Far more is at stake for the future of education than the fate of the hapless Ruth Kelly. New Labour’s White Paper on schools signals a thoroughgoing assault on the principle of comprehensive education.
The planned education bill based on it would lead to all schools being encouraged to break from local democratic control and turn themselves into semi-independent trusts.
Such is the scale of the mounting opposition that the government now appears to fear that it will be able to get the bill through parliament only by relying on Tory votes.
Senior New Labour figures said this week that Tony Blair is looking to delay publishing the bill, which was due next month, until he has been able to buy off backbench opposition.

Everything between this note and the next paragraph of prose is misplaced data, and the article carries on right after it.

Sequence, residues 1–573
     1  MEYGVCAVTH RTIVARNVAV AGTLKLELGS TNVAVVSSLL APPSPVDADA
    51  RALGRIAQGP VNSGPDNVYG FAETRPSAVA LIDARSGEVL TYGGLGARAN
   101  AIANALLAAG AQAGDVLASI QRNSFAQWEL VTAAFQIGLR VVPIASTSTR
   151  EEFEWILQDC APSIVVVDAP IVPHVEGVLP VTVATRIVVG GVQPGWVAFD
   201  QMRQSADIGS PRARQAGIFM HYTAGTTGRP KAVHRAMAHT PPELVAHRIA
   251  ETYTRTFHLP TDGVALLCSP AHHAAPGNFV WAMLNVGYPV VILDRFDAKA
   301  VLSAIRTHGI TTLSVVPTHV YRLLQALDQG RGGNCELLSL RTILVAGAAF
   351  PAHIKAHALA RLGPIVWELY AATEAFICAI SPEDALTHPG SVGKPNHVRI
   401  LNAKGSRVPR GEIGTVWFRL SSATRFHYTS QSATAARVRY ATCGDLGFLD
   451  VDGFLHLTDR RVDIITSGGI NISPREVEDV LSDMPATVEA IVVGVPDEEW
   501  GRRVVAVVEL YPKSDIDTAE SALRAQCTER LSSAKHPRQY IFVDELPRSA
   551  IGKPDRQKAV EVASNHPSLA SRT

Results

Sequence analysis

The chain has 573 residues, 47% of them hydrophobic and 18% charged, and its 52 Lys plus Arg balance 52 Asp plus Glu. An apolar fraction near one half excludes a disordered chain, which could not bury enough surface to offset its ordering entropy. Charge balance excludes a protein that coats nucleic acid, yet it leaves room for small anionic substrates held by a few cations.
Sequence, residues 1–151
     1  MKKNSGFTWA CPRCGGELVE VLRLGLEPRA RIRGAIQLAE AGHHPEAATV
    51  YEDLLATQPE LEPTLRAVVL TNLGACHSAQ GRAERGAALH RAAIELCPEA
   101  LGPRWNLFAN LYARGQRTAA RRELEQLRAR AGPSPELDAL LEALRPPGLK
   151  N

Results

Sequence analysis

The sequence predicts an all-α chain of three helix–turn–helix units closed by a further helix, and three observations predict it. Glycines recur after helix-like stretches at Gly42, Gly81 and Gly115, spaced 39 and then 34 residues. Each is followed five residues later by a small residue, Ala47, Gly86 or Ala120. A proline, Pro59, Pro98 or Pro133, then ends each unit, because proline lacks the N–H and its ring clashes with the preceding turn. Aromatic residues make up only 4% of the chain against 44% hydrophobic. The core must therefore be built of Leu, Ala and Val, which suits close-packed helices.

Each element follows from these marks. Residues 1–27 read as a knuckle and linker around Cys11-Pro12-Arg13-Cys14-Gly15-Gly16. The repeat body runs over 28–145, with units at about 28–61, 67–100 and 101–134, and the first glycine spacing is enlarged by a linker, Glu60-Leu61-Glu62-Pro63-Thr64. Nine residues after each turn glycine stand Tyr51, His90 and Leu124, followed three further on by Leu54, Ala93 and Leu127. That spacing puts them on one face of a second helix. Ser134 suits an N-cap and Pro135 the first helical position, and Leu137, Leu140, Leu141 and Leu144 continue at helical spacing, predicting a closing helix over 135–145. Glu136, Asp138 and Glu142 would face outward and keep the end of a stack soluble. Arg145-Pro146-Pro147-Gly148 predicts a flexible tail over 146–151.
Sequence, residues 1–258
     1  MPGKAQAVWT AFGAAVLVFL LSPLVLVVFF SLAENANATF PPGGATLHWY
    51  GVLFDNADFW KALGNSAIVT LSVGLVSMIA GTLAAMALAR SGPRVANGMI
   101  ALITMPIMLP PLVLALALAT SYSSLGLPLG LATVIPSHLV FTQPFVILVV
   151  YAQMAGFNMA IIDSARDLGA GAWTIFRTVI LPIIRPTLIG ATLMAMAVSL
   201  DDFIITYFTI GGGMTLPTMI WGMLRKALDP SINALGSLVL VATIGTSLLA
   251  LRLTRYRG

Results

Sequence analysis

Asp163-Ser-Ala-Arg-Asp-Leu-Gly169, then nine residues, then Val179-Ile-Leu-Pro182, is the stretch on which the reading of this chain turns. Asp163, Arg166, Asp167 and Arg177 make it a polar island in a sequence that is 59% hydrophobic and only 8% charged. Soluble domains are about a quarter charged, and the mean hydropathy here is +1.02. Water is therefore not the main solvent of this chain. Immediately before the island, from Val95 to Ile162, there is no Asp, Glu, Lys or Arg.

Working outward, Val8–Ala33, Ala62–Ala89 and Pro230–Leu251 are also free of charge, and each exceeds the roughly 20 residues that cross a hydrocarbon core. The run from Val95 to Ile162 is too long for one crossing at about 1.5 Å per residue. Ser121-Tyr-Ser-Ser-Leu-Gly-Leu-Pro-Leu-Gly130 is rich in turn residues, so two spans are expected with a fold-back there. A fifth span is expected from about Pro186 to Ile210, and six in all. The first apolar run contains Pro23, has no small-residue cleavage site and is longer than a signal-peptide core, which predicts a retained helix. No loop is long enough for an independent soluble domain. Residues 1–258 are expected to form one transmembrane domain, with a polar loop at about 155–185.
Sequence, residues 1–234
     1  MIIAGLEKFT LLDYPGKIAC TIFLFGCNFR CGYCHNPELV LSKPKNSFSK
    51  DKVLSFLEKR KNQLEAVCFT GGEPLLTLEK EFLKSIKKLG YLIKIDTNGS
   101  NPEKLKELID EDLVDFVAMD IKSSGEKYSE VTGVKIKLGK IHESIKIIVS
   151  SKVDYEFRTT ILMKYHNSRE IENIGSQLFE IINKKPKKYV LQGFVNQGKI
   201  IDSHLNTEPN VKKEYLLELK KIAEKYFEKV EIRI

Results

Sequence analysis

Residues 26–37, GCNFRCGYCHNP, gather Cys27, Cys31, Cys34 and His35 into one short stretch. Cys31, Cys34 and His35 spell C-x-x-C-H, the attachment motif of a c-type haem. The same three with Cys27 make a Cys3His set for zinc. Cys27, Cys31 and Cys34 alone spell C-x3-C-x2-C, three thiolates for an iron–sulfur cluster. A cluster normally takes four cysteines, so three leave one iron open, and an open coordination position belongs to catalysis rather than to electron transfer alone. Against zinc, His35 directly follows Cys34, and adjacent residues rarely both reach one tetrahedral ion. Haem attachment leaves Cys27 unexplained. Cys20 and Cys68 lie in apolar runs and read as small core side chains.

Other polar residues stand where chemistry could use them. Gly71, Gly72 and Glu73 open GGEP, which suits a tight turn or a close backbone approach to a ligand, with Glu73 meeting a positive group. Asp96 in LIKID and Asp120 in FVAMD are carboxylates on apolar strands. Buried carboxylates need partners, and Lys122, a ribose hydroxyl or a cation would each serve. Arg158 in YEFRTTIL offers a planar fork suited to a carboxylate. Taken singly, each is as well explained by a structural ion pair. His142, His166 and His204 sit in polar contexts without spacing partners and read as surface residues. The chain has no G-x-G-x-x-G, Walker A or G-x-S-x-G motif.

Labour backbenchers have already produced an “alternative White Paper”. But leading rebels have also said they are prepared to compromise.
The city academy programme, which takes schools completely out of public control and hands them over to businessmen, is already law.
New Labour’s weakness and the rising opposition of parents mean the programme could be derailed. But that will not come by relying on MPs who voted for academies before.
A possible compromise being floated over the new bill is that groups of schools could become a trust, rather than individual ones.
But what’s so great about a cluster of schools in competition with another group for scarce resources?
Teacher union activists in London have called a protest march over the education proposals for 2 March. Other initiatives are taking place elsewhere across the country.